A product of the struggle for independence, Biju Patnaik’s legacy is richly imbued with ideas of constructive nationalism. Invoking this legacy is indispensable in our present moment to counter the upsurge of toxic nationalism conflated with Hindutva, which has negated the idea of India and all that was associated with the freedom struggle. Revisiting Biju Patnaik’s legacy, therefore, assumes critical significance in the context of his 105th birth anniversary on March 5, 2021.
Biju Patnaik’s influence extends beyond India. He is remembered in Indonesia for his heroic rescue of its top leadership in 1947 from Dutch colonialists, landing them safely in India. His stellar role in flying his plane to the erstwhile Soviet Union during the second world war to help the war efforts against Hitler commanded respect in the international arena. That was why when he breathed his last, his coffin was wrapped in three flags – Indian, Indonesian and Russian.
The birthday of this global figure is celebrated by the Odisha government as ‘Panchayati Raj Divas’ for his pioneering role in reserving 33% of seats for women in those grassroots representative bodies. His policy has been taken forward by Naveen Patnaik, who described the women of Odisha as the core strength of Biju Janata Dal. This shows that right from the dusty terrain of Odisha’s village panchayats to the larger global arena, Biju contributions can be seen at the regional, national and international levels.
He was one of those rare public figures of Nehruvian India whose wealth and property diminished despite active engagement in politics and public life. He never profited from it in terms of material possessions.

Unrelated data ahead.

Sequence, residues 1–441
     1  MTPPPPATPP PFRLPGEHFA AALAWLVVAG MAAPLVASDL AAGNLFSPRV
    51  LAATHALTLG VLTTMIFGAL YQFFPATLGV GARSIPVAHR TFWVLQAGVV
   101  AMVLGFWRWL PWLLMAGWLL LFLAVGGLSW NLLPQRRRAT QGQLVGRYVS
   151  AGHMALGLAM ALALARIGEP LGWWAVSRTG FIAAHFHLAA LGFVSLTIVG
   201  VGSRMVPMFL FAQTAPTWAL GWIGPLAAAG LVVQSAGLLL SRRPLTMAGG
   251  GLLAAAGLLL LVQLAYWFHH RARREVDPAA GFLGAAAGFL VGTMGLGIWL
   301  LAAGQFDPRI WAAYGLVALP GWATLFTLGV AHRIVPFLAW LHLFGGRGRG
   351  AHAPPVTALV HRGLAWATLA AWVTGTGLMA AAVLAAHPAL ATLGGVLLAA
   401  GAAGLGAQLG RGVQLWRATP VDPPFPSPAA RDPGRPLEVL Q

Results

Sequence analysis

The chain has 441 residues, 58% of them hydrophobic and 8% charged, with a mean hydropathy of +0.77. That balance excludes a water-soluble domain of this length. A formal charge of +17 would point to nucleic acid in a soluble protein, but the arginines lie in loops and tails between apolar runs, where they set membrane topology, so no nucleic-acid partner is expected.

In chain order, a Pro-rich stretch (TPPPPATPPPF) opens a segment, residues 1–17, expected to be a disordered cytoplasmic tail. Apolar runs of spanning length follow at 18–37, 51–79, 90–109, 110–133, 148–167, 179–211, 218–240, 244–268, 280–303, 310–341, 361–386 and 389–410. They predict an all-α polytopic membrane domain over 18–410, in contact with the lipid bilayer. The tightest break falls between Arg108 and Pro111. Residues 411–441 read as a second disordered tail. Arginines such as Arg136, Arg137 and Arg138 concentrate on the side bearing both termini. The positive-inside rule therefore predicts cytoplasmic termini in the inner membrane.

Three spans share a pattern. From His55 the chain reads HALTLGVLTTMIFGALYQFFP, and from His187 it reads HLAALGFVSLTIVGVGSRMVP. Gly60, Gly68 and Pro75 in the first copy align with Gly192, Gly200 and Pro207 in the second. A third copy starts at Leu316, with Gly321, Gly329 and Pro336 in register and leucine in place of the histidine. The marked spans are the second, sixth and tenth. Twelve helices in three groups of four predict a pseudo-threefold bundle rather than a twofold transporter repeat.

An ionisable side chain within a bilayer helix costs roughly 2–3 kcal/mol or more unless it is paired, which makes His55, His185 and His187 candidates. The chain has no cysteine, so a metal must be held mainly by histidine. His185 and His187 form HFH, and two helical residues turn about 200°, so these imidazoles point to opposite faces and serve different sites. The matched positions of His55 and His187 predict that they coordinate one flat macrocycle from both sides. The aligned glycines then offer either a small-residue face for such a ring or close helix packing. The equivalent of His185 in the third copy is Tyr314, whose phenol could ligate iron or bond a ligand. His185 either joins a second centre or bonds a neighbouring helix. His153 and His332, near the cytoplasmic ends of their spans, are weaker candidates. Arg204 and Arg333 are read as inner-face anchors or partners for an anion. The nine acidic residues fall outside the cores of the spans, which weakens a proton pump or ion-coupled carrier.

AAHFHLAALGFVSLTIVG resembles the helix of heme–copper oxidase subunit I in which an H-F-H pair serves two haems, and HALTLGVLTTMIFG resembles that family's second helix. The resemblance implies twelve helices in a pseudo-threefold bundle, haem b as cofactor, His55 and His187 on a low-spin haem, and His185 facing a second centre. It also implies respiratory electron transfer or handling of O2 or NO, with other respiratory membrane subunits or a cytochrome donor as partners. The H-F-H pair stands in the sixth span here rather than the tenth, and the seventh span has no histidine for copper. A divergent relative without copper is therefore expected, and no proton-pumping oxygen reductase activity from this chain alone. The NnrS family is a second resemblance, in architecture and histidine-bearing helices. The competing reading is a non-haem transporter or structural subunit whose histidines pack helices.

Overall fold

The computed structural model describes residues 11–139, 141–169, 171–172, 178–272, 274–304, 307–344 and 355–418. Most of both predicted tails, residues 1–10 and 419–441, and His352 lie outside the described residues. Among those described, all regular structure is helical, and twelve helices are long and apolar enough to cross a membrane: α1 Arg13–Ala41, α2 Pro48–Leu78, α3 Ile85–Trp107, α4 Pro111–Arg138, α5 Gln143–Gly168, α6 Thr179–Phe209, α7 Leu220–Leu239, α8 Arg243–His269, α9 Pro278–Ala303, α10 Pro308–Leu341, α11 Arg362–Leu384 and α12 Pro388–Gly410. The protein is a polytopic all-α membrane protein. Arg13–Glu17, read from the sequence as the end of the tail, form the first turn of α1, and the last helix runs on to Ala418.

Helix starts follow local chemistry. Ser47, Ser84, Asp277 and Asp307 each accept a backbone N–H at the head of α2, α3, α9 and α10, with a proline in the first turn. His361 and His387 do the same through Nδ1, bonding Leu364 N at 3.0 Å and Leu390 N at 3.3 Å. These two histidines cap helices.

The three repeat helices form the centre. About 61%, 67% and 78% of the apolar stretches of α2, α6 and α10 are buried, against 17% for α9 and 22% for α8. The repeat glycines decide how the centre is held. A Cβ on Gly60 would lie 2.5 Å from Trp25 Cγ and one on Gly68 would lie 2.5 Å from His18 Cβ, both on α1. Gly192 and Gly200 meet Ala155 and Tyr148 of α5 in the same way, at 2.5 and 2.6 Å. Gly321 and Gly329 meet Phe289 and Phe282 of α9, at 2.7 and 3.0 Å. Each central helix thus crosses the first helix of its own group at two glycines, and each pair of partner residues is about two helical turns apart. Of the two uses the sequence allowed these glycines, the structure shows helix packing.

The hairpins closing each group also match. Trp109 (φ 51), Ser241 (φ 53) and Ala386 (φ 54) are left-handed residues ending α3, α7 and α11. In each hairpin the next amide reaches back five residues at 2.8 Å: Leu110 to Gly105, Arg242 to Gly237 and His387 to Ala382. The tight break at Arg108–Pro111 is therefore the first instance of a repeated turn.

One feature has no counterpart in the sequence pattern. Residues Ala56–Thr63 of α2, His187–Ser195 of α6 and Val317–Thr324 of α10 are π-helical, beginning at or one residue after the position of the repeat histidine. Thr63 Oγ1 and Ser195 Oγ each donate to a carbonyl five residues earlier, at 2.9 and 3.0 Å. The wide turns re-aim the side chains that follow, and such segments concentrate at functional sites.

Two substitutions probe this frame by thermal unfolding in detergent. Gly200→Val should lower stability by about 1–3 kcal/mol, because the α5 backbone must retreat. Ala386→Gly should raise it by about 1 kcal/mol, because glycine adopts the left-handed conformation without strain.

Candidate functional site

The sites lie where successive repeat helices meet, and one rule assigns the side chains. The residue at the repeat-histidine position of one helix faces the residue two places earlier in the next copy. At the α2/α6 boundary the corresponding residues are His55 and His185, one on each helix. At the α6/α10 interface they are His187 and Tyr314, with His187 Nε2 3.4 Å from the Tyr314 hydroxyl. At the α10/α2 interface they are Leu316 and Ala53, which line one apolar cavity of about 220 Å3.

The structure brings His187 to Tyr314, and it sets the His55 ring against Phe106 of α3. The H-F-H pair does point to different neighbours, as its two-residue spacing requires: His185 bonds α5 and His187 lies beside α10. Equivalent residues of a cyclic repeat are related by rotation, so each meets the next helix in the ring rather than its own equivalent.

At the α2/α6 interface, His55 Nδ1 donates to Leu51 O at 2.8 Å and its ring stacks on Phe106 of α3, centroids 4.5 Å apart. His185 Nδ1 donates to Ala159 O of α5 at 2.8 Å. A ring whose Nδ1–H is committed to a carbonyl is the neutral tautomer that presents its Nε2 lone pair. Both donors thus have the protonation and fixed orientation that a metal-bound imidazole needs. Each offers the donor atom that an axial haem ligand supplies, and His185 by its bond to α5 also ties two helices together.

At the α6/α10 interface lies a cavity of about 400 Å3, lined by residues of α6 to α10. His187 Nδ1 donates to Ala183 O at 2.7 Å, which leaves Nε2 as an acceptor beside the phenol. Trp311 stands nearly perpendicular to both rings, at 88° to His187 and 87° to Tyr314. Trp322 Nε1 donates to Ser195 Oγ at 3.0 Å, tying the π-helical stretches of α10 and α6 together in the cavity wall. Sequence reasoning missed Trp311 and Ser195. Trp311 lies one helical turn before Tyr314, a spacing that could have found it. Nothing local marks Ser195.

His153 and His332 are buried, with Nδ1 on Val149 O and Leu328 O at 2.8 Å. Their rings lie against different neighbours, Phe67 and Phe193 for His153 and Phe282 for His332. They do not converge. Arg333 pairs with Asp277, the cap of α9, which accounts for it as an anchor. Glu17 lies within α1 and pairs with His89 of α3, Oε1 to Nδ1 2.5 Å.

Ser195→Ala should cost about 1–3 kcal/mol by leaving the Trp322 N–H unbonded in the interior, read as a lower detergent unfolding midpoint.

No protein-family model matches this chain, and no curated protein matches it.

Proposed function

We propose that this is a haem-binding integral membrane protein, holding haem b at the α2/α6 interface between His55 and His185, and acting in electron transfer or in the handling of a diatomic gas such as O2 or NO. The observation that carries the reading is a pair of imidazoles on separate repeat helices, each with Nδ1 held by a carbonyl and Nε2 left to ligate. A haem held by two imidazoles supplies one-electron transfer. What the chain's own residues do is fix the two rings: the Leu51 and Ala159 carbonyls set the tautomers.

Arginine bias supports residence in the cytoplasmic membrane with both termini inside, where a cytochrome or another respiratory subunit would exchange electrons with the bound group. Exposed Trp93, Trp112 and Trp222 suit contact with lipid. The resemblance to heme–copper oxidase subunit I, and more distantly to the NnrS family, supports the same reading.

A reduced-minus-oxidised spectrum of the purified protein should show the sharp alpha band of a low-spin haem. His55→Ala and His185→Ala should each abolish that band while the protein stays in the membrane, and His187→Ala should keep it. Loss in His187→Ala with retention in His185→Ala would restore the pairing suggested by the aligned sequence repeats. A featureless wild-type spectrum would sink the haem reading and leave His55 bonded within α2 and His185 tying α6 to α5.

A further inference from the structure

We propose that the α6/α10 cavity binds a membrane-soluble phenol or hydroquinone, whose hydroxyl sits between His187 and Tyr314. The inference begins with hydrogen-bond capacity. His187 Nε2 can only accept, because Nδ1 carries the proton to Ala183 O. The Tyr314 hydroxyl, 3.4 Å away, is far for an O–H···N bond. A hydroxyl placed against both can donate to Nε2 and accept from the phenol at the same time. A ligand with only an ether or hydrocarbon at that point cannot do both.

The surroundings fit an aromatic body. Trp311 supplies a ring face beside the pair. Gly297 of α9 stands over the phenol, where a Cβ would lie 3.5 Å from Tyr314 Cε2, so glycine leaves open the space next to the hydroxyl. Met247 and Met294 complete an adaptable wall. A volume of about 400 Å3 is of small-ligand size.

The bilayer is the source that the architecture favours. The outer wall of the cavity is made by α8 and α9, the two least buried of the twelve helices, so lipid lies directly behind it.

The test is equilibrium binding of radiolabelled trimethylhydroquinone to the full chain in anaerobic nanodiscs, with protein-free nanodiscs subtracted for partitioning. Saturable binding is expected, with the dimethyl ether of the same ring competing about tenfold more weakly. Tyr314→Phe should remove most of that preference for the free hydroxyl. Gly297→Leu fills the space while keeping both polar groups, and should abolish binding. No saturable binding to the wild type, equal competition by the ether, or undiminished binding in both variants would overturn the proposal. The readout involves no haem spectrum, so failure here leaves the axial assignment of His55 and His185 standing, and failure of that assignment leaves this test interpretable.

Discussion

Biju is hailed as the architect of modern Odisha for his role in setting up some leading enterprises, educational institutions and infrastructue projects. He played an important role in taking forward the cause of the Vizag steel plant, the first shore-based one in India, as Union steel minister in the Moraraji Desai cabinet.
Secularism and nationalism
More than anything else, it is the ideas of secularism and nationalism that Biju Patnaik expounded in Lok Sabha proceedings that deserve recalling to address the assault on the constitutional vision of India. Biju, while participating in the discussion on the motion of confidence moved by Atal Bihari Vajpayee in the Lok Sabha on May 27, 1996, told the then prime minister that when he talked about secularism and pseudo-secularism, he got inclined more towards pseudo-secularism than secularism. Then he urged him to get rooted in secularism and shun pseudo-secularism. His words assume currency and significance for 21st century India, marked by peoples’ struggles to defend the constitution and secularism from the onslaught of Hindutva forces.